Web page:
No it's not how the economy works, it's just the risk that particular manufacturer takes by including hidden features in their product you didn't pay for.
They can't see what you do in the privacy of your own home.
They can stop you from doing anything to the product in the privacy of your own home.
They take the risk that you might have really wanted the 200, but bought the 100 and have the skills to get the 200. If they don't want that risk they should not built the 200's features into the model 100.
And remember, for all the talk about hacking features in hardware products, the manufacturers would never do it if it meant they were losing out. They aren't stupid. They take the "risk", but in reality they know the benefits far outweigh the negatives. The game is always rigged in their favour, they ensure that's the case.

Quote
The manufacturer might be stupid in trusting their customers to honor the agreements or even relying that the customers understand the fundamental economic agreement and get hurt. That is a cost of business that should not be there, but that's how it is.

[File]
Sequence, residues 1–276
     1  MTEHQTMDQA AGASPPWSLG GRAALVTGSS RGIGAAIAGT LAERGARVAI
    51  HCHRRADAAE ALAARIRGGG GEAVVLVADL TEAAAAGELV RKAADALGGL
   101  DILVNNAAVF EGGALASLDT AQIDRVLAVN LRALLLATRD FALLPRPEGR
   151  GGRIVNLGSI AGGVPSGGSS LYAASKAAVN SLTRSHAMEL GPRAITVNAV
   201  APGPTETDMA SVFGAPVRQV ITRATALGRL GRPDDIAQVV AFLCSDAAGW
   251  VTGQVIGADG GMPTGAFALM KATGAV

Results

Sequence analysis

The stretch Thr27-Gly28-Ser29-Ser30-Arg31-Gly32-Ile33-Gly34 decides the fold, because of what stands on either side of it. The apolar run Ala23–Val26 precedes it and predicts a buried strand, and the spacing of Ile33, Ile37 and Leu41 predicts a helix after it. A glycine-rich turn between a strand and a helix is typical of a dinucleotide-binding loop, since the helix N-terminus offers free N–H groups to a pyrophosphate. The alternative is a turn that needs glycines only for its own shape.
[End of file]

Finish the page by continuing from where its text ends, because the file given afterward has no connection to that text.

Bingo!

Quote
The Internet where distributing bits is easy and practically free might change the economy to different fundamental agreements, but we are not there yet.

And that's why hardware will always be a different ballgame to software. They should not even be sharing the same discussion, asimilar on the surface as they may appear.

Dave.
« Last Edit: March 07, 2013, 09:11:58 am by EEVblog »
 

Offline AndyC_772

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Re: Stealing: The double standard?
« Reply #152 on: March 07, 2013, 09:14:29 am »
When you bought model 100, you agreed with the manufacturer not to buy model 200.

When I bought model 100, I agreed with the manufacturer to buy model 100. The existence of models 200, 300 and 10000 are completely irrelevant to that transaction.

Offline JuKu